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SPECIAL REPORT: The Real Cost of Tattoos
FAIRBORN -- A drunken bender can lead you to making bad decisions, and getting a tattoo can be one of them.
You can pay a hefty price for some skin art.
And while Hollywood gets a quick laugh when there are tattoo regrets, it's a decision for life.
"You have kids coming in, just barely 18, some of them coming in with their parents, not even 18 wanting tattoos that are visible and they're still in high school," tattoo artist Justin Barbarino said.
"I think tattoos are fine, I think it's just a way for the younger generation to express themselves," said Lauren Duke, a student at Wright State University.
They are an expression 20-year-old Lauren Duke finds freeing.
"I have one on my wrist right here, on my shoulder, on my side and then I have one on my foot," said Lauren. "It's a fun way that you can say what you like, like I have a tattoo that's from the movie 'Pocahontas.' I love 'Pocahontas' and it's super cool."
Adorning tattoo art might be "super cool" for the younger generation, but that ink could come with a permanent price.
"Think about your future. Think about different career paths where you may end up and think how is this going to affect me when I go to serve a client or when I go to work for a Fortune 500 company. How am I going to be judged by what's being shown," said Lisa Duke, Career Services Adviser for Wright State University.
It's a judgement employers make, and take into consideration when looking for employees.
"Accounting, that's a pretty conservative career field still. I have men that talk about men with facial hair, they don't even want men to have facial hair when they're going into internships," said Lisa.
With Lauren's tattoos on her wrist and foot, choosing a career could be difficult.
"I know even though anthropology is a pretty liberal field they might not take me as seriously because I do have a tattoo that shows," said Lauren.
"About 25-50 percent of people that actually have a tattoo have regret at some point in their life and they want them off," Dermatologist Matt Bakos
Bakos sees 50 to 60 people a month in his Kettering office who want their bad decision removed.
"They think it's going to be a quick easy procedure, and unfortunately we tell everybody it's going to take about 6-12 treatments spaced out every six weeks or so. It could take one to two years for a professional tattoo to go away," said Bakos.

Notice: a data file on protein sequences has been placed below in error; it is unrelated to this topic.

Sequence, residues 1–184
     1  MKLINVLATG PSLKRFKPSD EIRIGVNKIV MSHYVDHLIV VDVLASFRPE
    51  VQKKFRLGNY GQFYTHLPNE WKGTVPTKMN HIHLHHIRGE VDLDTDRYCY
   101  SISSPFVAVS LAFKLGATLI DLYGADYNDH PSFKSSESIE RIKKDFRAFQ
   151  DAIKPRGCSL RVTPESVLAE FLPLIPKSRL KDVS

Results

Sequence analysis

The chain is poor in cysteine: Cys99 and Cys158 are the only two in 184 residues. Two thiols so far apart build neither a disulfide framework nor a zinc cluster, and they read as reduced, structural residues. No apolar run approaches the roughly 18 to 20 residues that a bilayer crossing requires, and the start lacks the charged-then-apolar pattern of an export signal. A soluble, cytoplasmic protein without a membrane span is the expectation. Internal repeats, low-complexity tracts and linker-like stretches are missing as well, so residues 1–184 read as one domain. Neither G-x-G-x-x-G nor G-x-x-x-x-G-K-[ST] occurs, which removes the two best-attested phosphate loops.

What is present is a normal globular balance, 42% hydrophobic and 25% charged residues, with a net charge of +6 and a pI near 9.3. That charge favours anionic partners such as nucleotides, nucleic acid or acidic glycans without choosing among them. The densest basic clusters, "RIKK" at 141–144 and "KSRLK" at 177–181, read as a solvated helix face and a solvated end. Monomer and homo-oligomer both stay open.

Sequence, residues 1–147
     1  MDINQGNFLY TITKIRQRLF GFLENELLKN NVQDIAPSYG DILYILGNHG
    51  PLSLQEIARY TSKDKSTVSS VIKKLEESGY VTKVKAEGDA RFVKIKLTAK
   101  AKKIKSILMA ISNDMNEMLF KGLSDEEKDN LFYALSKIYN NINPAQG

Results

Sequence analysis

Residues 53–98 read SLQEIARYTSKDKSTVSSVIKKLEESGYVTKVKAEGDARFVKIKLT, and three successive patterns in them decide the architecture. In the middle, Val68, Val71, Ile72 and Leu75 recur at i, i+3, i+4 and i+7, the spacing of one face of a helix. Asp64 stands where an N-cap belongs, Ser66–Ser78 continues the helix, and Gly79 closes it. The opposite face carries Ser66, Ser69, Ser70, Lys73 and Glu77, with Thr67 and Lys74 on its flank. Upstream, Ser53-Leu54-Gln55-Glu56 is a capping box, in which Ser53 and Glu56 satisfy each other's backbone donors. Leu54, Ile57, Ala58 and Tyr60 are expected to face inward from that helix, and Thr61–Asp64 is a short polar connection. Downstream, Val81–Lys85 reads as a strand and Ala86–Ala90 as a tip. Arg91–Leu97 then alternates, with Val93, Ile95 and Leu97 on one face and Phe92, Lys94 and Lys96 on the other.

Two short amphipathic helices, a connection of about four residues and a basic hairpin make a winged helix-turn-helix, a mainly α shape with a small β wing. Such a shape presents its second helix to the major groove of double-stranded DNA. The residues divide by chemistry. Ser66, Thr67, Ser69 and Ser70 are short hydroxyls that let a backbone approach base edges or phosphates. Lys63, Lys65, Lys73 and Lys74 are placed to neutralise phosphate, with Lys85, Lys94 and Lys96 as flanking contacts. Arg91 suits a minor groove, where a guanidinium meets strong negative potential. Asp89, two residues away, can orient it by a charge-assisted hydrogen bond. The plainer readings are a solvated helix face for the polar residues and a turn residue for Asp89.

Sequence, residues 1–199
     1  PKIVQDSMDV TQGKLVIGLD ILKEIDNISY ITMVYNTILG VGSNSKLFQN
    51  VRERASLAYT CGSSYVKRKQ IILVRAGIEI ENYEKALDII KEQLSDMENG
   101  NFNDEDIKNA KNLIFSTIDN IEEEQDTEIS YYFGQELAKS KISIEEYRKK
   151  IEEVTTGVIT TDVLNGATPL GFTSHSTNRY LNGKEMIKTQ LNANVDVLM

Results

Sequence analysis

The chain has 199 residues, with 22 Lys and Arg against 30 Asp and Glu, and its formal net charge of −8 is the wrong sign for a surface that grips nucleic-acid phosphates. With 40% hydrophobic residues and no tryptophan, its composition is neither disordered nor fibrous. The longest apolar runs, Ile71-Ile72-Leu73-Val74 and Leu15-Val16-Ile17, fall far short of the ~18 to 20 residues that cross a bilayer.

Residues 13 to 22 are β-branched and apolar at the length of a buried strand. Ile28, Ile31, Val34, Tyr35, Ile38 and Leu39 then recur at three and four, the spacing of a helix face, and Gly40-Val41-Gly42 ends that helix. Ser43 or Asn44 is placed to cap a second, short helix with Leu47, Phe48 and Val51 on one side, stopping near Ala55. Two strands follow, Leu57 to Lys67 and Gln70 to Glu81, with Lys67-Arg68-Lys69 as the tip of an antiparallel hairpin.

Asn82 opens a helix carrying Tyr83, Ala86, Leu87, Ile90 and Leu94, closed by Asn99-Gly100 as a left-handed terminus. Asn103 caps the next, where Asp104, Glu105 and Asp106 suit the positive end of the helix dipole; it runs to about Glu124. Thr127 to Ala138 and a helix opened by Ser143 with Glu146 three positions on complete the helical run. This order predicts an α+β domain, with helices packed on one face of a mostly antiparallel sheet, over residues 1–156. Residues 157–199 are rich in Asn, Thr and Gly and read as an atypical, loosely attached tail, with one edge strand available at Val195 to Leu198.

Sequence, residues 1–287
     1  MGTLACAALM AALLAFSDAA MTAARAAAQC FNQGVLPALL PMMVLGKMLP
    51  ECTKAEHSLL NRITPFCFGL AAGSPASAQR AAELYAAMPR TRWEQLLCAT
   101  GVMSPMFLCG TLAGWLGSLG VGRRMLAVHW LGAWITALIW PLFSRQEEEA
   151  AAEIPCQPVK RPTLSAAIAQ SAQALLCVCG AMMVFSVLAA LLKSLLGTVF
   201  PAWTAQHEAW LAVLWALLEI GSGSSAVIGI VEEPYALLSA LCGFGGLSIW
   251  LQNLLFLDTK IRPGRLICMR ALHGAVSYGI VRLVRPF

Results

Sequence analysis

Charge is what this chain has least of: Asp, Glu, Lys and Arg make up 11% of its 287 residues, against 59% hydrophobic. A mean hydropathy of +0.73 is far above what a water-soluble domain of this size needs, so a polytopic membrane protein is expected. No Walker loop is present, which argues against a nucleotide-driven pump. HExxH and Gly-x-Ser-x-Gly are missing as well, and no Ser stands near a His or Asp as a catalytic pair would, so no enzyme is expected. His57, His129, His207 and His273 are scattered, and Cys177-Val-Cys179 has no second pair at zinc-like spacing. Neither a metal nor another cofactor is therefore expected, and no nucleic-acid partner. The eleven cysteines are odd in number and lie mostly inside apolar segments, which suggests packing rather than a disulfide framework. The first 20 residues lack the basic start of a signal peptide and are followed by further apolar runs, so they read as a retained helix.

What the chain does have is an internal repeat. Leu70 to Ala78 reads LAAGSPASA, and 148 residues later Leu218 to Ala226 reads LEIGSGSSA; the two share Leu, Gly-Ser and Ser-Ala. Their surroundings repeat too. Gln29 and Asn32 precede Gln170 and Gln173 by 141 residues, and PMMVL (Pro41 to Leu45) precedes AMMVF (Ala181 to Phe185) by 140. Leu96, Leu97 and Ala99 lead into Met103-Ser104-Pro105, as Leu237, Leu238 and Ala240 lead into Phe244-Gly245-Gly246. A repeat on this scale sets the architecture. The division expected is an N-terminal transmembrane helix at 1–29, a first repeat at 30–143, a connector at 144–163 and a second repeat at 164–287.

The laser tattoo removal can be painful; in fact, Dr. Bakos says it's often more uncomfortable then getting the tattoo itself.
And even after all that he says it doesn't always work.
"Sometimes we can't get them to go away completely. There's some residual ink or sometimes there's some subtle hypo-pigmentation, which means their skin is just a little lighter in that area," said Bakos.
Getting inked is a one-time decision that makes a lasting impression.
And while it might be "cool" now, it could change the course of your life.
"Don't have any regrets in your career path that you might have this tattoo that can hinder you from moving into a direction that you want to move into," said Lisa.
Not only is laser tattoo removal painful, it's also expensive.
It can cost any where from $75-400 a session.
FAIRBORN -- Young adults want to express themselves, but nowadays many are doing it with tattoos.
"It's a fun way that you can say what you like, like 'I have a tattoo that's from the movie Pocahontas, I love Pocahontas and it's super cool'," said Lauren Duke, a Wright State University student.
While it might seem like the cool thing to do now, it could affect your future.
"We do have to advise students from time to time when we're prepping them to go into job interviews to be really conscientious about the tattoos and how they're showing," said Lisa Duke, Career Services Adviser for Wright State University.
The negative stigma might be fading, but that tattoo is permanent.
Coming up tonight on ABC 22 News at 11, Reporter Elyse Coulter finds out how tattoos can affect your future and the lengths some take to get them removed.
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